Just Keep Waiting…- Zane T.

Hey there. So repetition of events: we ordered our beginning foam and fabric, the engineering peeps made 3-d models (read in fancy slurred Animation Show voice), and us bio med peeps have continued to research….and we are all waiting for our materials to arrive from the distant abyss. But on the research side (which never ceases both in duration and in proving to me that, yes, spines can be indescribably complicated and disturbing) I finally read through one of our sources. And by read through, I mean read it, looked up words I didn’t know, and tried to actually comprehend the chiropractic mumbo-jumbo they flung all over the place. (That does not mean I didn’t read it before, I simply didn’t read all of it. I used what I needed, and left the rest behind.)

That paper I finally read. If you wanna try go here:http://www.pccrp.org/docs/pccrp%20section%20v.pdf
That paper I finally read. If you wanna try go here:http://www.pccrp.org/docs/pccrp%20section%20v.pdf

So spines. Apparently there is a lot of controversy about subluxation, whether it exists, what it is defined as, what it does, if it’s bad, etc. within the chiropractic community. So much so, that when we read articles, it’s sometimes hard to tell if they’re saying something real, or just trying to make someone else look bad. In the paper I finally read, at one point he talked about someone else’s statement, then referenced another persons’ research, and then asked why the first person didn’t change. I really don’t see why he had to mention that in his article about the definition of subluxation. My bio med peep read articles that had contradictions, too. It makes research a bit odd, but the angles we need seem to be consistent.

I also learned a couple new words from this article(tilde). An AP view of the spine is when the subject is lying down and the x-ray tube (yes it is called a tube, at least on the website I looked at) is 40 inches above them. A PA view is when the subject stands facing away from the x-ray tube, and the tube is 72 inches away. (Thank you Google for taking me to:  https://www.med-ed.virginia.edu/courses/rad/cxr/technique3chest.html). While I was reading, this made absolutely no sense, and I was far more confused than I needed to be. Once I looked it up, I had some perspective on the parts they were referencing, and could picture the angles they were talking about. And angles. I kinda understand how they measure curves. They draw a line from a certain point on the vertebrae, then measure the angle at the intersection. (It’s in the picture.)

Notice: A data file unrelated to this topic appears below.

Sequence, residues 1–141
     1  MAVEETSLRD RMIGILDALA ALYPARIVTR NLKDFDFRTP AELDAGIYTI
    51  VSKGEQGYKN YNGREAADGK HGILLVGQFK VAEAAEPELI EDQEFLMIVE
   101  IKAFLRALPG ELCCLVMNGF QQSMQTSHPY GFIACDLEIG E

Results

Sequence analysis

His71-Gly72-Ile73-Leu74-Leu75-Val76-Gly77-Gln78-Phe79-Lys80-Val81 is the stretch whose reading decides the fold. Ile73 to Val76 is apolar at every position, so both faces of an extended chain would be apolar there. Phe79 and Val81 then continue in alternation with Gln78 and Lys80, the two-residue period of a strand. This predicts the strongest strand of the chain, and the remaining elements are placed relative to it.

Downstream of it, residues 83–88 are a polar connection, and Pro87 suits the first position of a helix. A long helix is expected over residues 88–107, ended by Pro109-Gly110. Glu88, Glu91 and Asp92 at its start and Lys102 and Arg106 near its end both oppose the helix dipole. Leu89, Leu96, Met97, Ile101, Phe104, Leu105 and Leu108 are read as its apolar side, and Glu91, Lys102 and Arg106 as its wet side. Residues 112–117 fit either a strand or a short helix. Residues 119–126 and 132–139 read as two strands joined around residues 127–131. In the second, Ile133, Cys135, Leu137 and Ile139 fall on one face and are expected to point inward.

So us biomedical peeps are gathering info, our engineering peeps are doing OSHA (which I really need to do one of these days…), and we are all just waiting……..and waiting….for our materials, and the chance to stop researching and staring at pictures like this.

I find this terrifying. In context, you would ,too. Go here to find context: http://www.pccrp.org/docs/pccrp%20section%20v.pdf
I find this terrifying. In context, you would ,too. Go here to find context: http://www.pccrp.org/docs/pccrp%20section%20v.pdf
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